1.5 Git on Windows

1.5.1 Background to nomenclature

Git is a system for tracking the changes made to source files by a distributed set of editors. It is designed to work without a master repository, but we have chosen to have a master respository for LilyPond files. Editors hold local copies of the master repository together with any changes they have made locally. Local changes are held in a local ‘branch’, of which there may be several, but these instructions assume you are using just one. The files visible in the local repository always correspond to those on the currently ‘checked out’ local branch.

Files are edited on a local branch, and in that state the changes are said to be ‘unstaged’. When editing is complete, the changes are moved to being ‘staged for commit’, and finally the changes are ‘committed’ to the local branch. Once committed, the changes are given a unique reference number called the ‘Committish’ which identifies them to Git. Such committed changes can be sent to the master repository by ‘pushing’ them (if you have write permission) or by sending them by email to someone who has, either complete or as a ‘diff’ or ‘patch’ (which send just the differences from master).

1.5.2 Installing git

Obtain Git from http://code.google.com/p/msysgit/downloads/list. (Note, not msysGit, which is for Git developers) and install.

Start Git by clicking on the desktop icon. This will bring up a command line bash shell. This may be unfamiliar to Windows users. If so, follow these instructions carefully. Commands are entered at a $ prompt and are terminated by keying a newline.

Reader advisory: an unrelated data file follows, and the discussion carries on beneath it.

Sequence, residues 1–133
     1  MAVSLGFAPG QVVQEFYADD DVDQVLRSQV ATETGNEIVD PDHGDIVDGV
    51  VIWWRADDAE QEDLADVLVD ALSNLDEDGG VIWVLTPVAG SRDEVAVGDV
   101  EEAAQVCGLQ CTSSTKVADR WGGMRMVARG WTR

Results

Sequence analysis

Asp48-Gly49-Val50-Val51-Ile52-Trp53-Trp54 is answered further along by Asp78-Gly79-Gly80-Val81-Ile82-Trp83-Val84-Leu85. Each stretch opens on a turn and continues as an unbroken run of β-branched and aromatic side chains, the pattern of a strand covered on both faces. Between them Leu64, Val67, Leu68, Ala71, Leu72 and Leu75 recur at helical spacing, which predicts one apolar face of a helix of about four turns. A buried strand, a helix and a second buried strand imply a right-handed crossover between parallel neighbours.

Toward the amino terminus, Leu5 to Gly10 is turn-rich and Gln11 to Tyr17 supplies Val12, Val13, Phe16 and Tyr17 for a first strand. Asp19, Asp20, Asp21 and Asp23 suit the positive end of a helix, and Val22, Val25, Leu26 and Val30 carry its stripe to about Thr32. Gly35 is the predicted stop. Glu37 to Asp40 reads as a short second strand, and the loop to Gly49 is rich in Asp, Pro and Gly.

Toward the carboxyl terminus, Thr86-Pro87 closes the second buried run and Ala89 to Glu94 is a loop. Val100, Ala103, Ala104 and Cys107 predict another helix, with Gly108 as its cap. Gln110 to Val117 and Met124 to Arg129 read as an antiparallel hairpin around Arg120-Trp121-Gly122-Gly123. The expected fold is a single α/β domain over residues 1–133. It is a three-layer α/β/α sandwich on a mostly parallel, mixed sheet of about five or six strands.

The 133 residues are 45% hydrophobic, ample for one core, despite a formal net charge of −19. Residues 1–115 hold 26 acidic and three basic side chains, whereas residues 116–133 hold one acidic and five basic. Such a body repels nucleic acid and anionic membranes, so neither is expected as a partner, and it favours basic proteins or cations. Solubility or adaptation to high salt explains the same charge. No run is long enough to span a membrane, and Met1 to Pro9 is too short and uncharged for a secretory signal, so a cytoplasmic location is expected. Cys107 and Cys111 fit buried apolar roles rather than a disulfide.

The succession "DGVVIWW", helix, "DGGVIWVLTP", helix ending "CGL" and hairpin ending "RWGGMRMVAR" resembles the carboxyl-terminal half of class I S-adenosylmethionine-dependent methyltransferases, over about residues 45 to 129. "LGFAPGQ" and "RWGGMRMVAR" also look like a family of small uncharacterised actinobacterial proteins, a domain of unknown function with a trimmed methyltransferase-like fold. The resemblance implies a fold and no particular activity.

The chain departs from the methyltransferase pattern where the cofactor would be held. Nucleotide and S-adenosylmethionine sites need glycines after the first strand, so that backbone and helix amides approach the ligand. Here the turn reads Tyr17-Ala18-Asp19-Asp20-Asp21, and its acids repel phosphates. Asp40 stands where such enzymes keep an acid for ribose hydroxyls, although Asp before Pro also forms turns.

1.5.3 Initialising Git

Decide where you wish to place your local Git repository, creating the folders in Windows as necessary. Here we call the folder to contain the repository [path]/Git. You will need to have space for around 150Mbytes.

In the git bash shell type

cd [path]/Git

to position the shell at your new Git repository.

Note: if [path] contains folders with names containing spaces use

cd "[path]/Git"

Then type

git init

to initialize your Git repository.

Then type (all on one line; the shell will wrap automatically)

git remote add -f -t master origin git://git.sv.gnu.org/lilypond.git

to download the lilypond master files.

Note: Be patient! Even on a broadband connection this can take 10 minutes or more. Wait for lots of [new tag] messages and the $ prompt.

We now need to generate a local copy of the downloaded files in a new local branch. Your local branch needs to have a name, here we call it ‘lily-local’ - you may wish to make up your own.

Then, finally, type

git checkout -b lily-local origin/master

to create the lily-local branch containing the local copies of the master files. You will be advised your local branch has been set up to track the remote branch.

Return to Windows Explorer and look in your Git repository. You should see lots of folders. For example, the LilyPond documentation can be found in Git/Documentation/user.

Terminate the Git bash shell by typing exit.

1.5.4 Git GUI

Almost all subsequent work will use the Git Graphical User Interface, which avoids having to type command line commands. To start Git GUI first start the Git bash shell by clicking on the desktop icon, and type

cd [path]/Git
git gui

The Git GUI will open in a new window. It contains four panels and 7 pull-down menus. At this stage do not use any of the commands under Branch, Commit, Merge or Remote. These will be explained later.